senators there senator for the whole state and supposed to be there for their whole state, so I think there's a there's a lot of pressure to bear. You know cancer, then they ask if you're a republican or a democrat of strokes and heart attacks and babies born with
holes in their hearts, on it having a parent in a nursing home and not being able to pay for it. They just it's, not a party affiliation. This is about what it means to be a human being, and this is where I think America has changed. Even over the last eight or nine years, yeah there's been a lot of fight
about the affordable care act. In the other things we need to do better in it and I'm all for that. But the bottom line is healthcare- is a basic human right.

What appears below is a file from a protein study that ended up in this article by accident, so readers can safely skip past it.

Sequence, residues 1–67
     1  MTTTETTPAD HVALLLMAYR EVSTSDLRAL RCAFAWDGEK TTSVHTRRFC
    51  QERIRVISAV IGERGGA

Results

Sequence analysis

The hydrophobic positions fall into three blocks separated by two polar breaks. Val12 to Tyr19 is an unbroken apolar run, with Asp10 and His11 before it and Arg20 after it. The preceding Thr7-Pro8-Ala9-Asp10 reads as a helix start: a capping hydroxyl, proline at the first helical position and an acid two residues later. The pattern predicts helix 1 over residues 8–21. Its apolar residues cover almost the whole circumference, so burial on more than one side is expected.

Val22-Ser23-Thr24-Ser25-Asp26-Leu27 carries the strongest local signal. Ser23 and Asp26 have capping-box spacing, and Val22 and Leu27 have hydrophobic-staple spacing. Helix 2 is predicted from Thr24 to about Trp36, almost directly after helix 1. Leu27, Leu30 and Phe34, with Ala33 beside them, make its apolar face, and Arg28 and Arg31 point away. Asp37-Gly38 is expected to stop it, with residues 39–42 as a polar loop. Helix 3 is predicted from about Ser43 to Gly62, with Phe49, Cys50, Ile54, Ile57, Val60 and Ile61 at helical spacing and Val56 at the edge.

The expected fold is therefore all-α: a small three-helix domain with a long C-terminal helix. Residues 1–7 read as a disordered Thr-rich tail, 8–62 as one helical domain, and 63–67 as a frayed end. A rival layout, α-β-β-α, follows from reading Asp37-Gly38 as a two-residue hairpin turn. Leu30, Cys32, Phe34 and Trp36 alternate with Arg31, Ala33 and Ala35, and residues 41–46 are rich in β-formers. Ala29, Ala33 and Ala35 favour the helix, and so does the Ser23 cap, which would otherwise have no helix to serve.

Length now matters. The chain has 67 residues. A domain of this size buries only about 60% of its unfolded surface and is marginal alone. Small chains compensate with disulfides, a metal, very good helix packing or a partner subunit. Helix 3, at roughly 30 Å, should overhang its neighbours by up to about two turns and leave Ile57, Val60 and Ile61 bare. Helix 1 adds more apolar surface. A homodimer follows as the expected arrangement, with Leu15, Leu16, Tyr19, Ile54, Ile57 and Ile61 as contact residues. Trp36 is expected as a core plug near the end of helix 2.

And I think here in america- we've come to see that- and I think this is a big part of what Democrats stand for today is health care? Is a basic human right or all working for what are the best ways to get everybody covered and to do it at the lowest possible cost and there's there's a lot. We can do there's a lot we should do, but the bottom line is that's where we're aiming. The Republicans think it's all still about tax breaks. Yeah yeah
for the rich and the powerful I'll keep fighting you bet, we will senator. Thank you so much for joining us. Your book is this fight. Is our fight. Everyone go grab it to great book and we appreciate you coming by thank in either don't know. Well, you take care all right.
Transcript generated on 2019-11-17.